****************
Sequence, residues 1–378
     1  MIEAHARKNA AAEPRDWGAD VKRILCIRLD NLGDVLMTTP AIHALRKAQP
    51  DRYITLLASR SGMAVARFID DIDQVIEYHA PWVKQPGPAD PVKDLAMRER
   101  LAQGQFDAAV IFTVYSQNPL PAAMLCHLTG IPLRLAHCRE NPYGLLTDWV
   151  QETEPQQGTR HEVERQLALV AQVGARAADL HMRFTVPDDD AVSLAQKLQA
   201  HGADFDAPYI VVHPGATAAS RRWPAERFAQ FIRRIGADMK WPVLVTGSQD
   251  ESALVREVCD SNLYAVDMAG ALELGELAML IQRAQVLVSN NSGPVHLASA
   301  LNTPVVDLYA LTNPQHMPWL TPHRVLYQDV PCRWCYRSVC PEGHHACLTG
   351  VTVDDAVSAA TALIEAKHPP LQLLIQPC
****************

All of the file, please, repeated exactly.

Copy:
Sequence, residues 1–378
     1  MIEAHARKNA AAEPRDWGAD VKRILCIRLD NLGDVLMTTP AIHALRKAQP
    51  DRYITLLASR SGMAVARFID DIDQVIEYHA PWVKQPGPAD PVKDLAMRER
   101  LAQGQFDAAV IFTVYSQNPL PAAMLCHLTG IPLRLAHCRE NPYGLLTDWV
   151  QETEPQQGTR HEVERQLALV AQVGARAADL HMRFTVPDDD AVSLAQKLQA
   201  HGADFDAPYI VVHPGATAAS RRWPAERFAQ FIRRIGADMK WPVLVTGSQD
   251  ESALVREVCD SNLYAVDMAG ALELGELAML IQRAQVLVSN NSGPVHLASA
   301  LNTPVVDLYA LTNPQHMPWL TPHRVLYQDV PCRWCYRSVC PEGHHACLTG
   351  VTVDDAVSAA TALIEAKHPP LQLLIQPC